If no 62-to-94 game, though, he could definitely throw a 68-to-94 game. On May 1, 2008, he came close: every number from 68 to 95, minus 72. On Aug. 30, 2009, he hit every number from 66 to 96 except for two: 70 and 78. He once hit every number from 76 to 96, and in the same game mixed in 51, 56, 57, 65 and 66—but uncharacteristically left a big gap in the high-60s and mid-70s. The closest approximation of a 62-94 game was probably Sept. 23, 2008, when he hit every number from 70 to 97.
Two more: he has thrown a 100-mph pitch, and (leaving out the mysterious 44) he has thrown a 51-mph pitch. And he has had single-game spreads as high as 42, 44, and 45 mph.
If he did better, and better is one heck of a value-laden term for something that is basically frivolous, it was before 2008. It's not necessarily unlikely. Back then, he threw the bloop curveball a lot more often, according to Rany Jazayerli. (As though you were going to read a piece about Zack Greinke without hearing from Rany.)
He definitely threw his blooper more often when he first came up. I honestly think he might have been bored on the mound – this obviously culminated in him walking away from the game for a while – because he would throw eephus pitches, he would occasionally quick-pitch (he once snuck a fastball past Ivan Rodriguez for strike three before Pudge had his feet set), it was like he was running a science experiment from the mound. He probably threw half a dozen slow curves a game, and every now and then would throw the eephus curve that registered in the 50s.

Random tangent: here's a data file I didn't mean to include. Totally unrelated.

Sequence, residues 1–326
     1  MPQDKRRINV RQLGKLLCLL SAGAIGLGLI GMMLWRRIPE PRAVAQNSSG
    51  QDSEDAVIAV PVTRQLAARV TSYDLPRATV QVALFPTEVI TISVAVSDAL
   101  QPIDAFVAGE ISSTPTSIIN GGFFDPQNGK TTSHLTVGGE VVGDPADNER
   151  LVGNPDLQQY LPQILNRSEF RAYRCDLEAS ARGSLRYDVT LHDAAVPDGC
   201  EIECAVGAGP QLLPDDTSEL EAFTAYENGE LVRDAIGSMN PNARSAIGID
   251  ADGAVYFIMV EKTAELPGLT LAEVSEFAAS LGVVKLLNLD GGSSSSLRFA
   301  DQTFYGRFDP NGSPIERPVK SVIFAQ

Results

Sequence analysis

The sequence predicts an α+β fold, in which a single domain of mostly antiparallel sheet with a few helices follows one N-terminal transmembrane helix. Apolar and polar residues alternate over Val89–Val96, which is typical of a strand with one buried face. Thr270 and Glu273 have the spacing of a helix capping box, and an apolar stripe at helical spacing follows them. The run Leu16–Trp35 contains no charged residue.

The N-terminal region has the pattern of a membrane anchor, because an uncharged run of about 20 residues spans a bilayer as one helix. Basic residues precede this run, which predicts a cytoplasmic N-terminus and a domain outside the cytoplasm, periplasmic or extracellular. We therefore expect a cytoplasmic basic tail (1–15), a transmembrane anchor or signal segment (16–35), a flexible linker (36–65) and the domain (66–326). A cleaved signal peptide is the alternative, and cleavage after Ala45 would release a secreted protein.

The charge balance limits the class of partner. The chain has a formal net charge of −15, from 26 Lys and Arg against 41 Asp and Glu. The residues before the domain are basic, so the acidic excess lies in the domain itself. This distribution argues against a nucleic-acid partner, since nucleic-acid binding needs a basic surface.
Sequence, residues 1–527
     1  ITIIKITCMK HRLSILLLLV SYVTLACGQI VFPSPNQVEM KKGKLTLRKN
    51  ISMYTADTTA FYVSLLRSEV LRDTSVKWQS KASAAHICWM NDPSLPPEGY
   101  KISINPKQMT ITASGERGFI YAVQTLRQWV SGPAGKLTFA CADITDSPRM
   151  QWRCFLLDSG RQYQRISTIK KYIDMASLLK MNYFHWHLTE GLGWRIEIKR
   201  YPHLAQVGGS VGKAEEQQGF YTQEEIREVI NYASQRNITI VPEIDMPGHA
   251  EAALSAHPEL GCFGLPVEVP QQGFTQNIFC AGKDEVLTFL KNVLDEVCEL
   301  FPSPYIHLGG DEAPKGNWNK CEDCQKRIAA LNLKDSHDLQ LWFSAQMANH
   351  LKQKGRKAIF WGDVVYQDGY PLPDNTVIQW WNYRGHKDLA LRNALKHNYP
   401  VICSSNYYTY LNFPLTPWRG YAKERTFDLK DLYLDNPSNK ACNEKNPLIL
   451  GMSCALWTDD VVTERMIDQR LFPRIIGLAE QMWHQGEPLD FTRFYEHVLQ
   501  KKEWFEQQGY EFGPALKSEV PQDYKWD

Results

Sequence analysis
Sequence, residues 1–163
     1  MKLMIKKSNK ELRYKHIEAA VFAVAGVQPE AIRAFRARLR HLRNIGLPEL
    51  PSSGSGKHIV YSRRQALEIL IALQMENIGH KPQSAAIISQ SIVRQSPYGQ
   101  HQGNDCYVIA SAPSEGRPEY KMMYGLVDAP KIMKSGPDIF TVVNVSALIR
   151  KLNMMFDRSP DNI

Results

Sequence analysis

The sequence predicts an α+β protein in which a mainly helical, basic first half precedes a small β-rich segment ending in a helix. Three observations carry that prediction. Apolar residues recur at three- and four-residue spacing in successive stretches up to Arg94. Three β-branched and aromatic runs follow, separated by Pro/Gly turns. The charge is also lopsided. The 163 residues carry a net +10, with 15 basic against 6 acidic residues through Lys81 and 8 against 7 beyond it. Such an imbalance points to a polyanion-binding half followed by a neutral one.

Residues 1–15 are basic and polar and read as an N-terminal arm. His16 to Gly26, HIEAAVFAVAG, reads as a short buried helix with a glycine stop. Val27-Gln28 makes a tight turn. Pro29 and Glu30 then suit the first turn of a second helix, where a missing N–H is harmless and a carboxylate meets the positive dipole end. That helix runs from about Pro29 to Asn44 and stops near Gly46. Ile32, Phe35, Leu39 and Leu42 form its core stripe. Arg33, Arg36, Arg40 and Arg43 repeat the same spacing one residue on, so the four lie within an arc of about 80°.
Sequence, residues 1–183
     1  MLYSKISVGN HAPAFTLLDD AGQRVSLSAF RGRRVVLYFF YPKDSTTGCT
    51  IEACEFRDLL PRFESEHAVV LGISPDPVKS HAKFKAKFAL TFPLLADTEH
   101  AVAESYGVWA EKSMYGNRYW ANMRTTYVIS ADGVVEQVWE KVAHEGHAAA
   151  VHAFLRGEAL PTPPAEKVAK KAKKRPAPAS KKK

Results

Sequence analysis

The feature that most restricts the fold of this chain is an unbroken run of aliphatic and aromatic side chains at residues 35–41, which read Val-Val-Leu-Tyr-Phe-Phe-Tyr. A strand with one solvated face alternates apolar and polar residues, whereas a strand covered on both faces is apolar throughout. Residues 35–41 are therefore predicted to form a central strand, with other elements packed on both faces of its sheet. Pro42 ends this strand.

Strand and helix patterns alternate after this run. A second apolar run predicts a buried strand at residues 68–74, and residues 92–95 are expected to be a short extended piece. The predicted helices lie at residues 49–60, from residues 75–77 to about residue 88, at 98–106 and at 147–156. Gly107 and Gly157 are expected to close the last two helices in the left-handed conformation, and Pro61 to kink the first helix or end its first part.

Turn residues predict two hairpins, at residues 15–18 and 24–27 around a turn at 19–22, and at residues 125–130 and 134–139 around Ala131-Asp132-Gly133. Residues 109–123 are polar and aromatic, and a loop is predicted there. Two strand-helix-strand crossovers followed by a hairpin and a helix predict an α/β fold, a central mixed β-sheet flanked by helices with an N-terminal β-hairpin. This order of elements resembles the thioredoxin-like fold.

There’s still a little bit of that, and it sometimes registers as too clever by half. But, for the most part, he has quit throwing the 62. In 2011, he threw 37 pitches that were 65 or slower, but that year was the exception, a little residual merriness. He threw just six in 2010 and has thrown just four this year. It seems clear now that too much was probably made of those bloopers, by him (in his pitch selection) and by us (in our fascination). At least since 2008, it hasn’t been a particularly effective pitch, even as a once-per-game ambush: 35 times it was taken for balls, and 24 times it stole a strike. Seventeen times it was put in play, admittedly with good results (three hits) for Greinke.
Back then, the spread was proof that Greinke had something special, and offered hope that as he aged he would learn to harness it in new and brilliant ways. But—and this is not unique to Greinke; nearly all players end up disappointing us somehow, because we’re monsters—he has probably disappointed us in that sense. He hasn’t really developed into his generation’s Maddux. Despite good health, improved velocity, great control and the broadest repertoire in the game, he hasn’t even developed into his generation’s Kevin Appier, except for that one magical season.
Back when I was writing game stories for a newspaper, I always kept a log of velocity readings, because if a pitcher managed to hit every number I was darned sure going to mention it (even if the copy desk took it out). None ever came close while I was there. If I were there now, I’d have Greinke to watch, and it would make the job more entertaining. But more impressive would have been Jered Weaver’s start on May 2. He hit 70, 71, and every other number up to 91. No, it’s not quite the spread from 62 to 94. But Weaver threw a dazzling, nine-strikeout no-hitter that night. Which, at the end of it, is kind of the point.
Bradley Ankrom provided stupendous research assistance for this article.